Whimmydiddle brings 'million-dollar day'

9/30/2013

By BECKY MALEWITZ

By BECKY MALEWITZ

bmalewitz@gctelegram.com

SCOTT CITY — Saturday marked the 41st anniversary of Scott City's annual Whimmydiddle festival, and Louise Buell from Garden City has had a booth at almost all of them.

Buell, who creates and sells Raggedy Ann and Andy dolls and tea towels for her booth, covered by a blue and white tent, can remember setting up on the courthouse lawn years ago before the arts and craft show moved to it's current location in the city park.

The brightly colored dolls pinned to the tent walls attracted a variety of parents and children, including 2-year-old Piper Jessup, who seemed to be singing a song as she touched the bright red yarn hair of one doll and then the purple yarn hair of a K-State Raggedy Ann.

"We are liking this. It turned out to be a nice day," Kristin Jessup said as she watched her daughter trying to pick out a favorite. "She's loving these dolls."

"Loving these dolls," Piper repeated with a big smile on her face.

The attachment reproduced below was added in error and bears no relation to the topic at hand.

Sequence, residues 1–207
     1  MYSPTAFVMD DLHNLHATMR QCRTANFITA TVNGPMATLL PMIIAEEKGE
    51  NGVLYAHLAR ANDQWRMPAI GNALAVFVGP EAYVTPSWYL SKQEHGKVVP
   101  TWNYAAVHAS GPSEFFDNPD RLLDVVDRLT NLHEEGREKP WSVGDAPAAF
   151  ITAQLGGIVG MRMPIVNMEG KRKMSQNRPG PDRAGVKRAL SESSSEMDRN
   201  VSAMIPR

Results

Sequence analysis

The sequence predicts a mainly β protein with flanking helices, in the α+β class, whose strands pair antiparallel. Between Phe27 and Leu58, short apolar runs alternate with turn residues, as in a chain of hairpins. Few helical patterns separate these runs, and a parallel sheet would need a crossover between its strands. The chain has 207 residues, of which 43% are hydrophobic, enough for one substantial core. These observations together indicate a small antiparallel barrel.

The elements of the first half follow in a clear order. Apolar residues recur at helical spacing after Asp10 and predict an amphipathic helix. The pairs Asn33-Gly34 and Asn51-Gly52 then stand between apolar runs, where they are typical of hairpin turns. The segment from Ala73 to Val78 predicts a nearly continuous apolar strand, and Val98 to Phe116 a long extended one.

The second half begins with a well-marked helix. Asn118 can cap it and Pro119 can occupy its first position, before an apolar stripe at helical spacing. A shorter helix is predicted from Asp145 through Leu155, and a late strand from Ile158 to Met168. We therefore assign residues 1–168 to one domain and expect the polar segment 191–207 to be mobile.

After some deliberation, Piper walked up to Buell holding a Raggedy Ann in one hand and a Raggedy Andy in the other.

"Oh see, this is why I make them," Buell said, looking down at the 2-year-old. "The kids just love them."

At the other end of the park, Tonja Williams stood at her booth with her daughter, Aubrey Horton, and mother, Carrie Marion, selling "Tonja's Toffee."

Although the Modoc resident has been to the annual event many times as a customer, this year was her first trip as a vendor.

"It goes faster having people come to me," Williams said. "I think this year seems a lot busier than what I have seen in the past."

Williams, who just started selling her homemade toffee, was using Whimmydiddle to get her product out.

"It's been awesome. It's been a great experience. It's been a great way to meet new people and get your product to your customer base," she said. "I will definitely be here next year."

According to members of the Alpha Omega, a chapter of Epsilon Sigma Alpha sorority who run the annual festival, this year brought a similar total number of booths as last year's, but there were 45 new vendors in the park.

"It's a million dollar day between sales and tax. It doesn't just benefit here at the park, it's the whole town. Husbands go golfing at the golf course while their wives come shop. They get done here, they go downtown to the local shops, and boy do they eat in the restaurants in town. And the hotels are booked a year in advance," said Kathy Funk, Alpha Omega member. "It impacts the entire community."

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